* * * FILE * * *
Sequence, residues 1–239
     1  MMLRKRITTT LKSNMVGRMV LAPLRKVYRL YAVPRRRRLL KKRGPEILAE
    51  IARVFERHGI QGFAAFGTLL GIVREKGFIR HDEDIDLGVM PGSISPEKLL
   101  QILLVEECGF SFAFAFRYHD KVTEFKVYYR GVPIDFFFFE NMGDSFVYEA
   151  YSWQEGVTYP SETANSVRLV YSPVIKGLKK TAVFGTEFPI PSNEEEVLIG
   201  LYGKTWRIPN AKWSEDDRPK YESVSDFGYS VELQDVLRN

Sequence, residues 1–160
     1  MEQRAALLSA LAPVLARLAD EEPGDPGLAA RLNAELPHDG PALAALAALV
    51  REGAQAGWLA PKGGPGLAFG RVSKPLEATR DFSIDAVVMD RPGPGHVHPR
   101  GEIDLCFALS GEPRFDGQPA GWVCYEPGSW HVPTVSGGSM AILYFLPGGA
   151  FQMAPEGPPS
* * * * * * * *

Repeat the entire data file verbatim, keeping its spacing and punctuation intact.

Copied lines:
Sequence, residues 1–239
     1  MMLRKRITTT LKSNMVGRMV LAPLRKVYRL YAVPRRRRLL KKRGPEILAE
    51  IARVFERHGI QGFAAFGTLL GIVREKGFIR HDEDIDLGVM PGSISPEKLL
   101  QILLVEECGF SFAFAFRYHD KVTEFKVYYR GVPIDFFFFE NMGDSFVYEA
   151  YSWQEGVTYP SETANSVRLV YSPVIKGLKK TAVFGTEFPI PSNEEEVLIG
   201  LYGKTWRIPN AKWSEDDRPK YESVSDFGYS VELQDVLRN

Sequence, residues 1–160
     1  MEQRAALLSA LAPVLARLAD EEPGDPGLAA RLNAELPHDG PALAALAALV
    51  REGAQAGWLA PKGGPGLAFG RVSKPLEATR DFSIDAVVMD RPGPGHVHPR
   101  GEIDLCFALS GEPRFDGQPA GWVCYEPGSW HVPTVSGGSM AILYFLPGGA
   151  FQMAPEGPPS